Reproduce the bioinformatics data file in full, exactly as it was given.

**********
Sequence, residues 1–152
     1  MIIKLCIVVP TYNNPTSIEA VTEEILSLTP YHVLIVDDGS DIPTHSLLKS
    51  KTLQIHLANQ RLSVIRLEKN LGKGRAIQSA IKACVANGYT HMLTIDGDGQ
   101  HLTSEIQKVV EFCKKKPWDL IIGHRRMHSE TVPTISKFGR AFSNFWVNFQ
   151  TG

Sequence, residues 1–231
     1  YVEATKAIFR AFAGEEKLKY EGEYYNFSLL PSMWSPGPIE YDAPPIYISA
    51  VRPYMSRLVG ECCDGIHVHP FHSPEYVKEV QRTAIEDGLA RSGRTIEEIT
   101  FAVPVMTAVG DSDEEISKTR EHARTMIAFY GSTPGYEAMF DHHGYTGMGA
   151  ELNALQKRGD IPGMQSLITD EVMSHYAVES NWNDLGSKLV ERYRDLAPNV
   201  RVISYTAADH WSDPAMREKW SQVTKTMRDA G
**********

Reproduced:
Sequence, residues 1–152
     1  MIIKLCIVVP TYNNPTSIEA VTEEILSLTP YHVLIVDDGS DIPTHSLLKS
    51  KTLQIHLANQ RLSVIRLEKN LGKGRAIQSA IKACVANGYT HMLTIDGDGQ
   101  HLTSEIQKVV EFCKKKPWDL IIGHRRMHSE TVPTISKFGR AFSNFWVNFQ
   151  TG

Sequence, residues 1–231
     1  YVEATKAIFR AFAGEEKLKY EGEYYNFSLL PSMWSPGPIE YDAPPIYISA
    51  VRPYMSRLVG ECCDGIHVHP FHSPEYVKEV QRTAIEDGLA RSGRTIEEIT
   101  FAVPVMTAVG DSDEEISKTR EHARTMIAFY GSTPGYEAMF DHHGYTGMGA
   151  ELNALQKRGD IPGMQSLITD EVMSHYAVES NWNDLGSKLV ERYRDLAPNV
   201  RVISYTAADH WSDPAMREKW SQVTKTMRDA G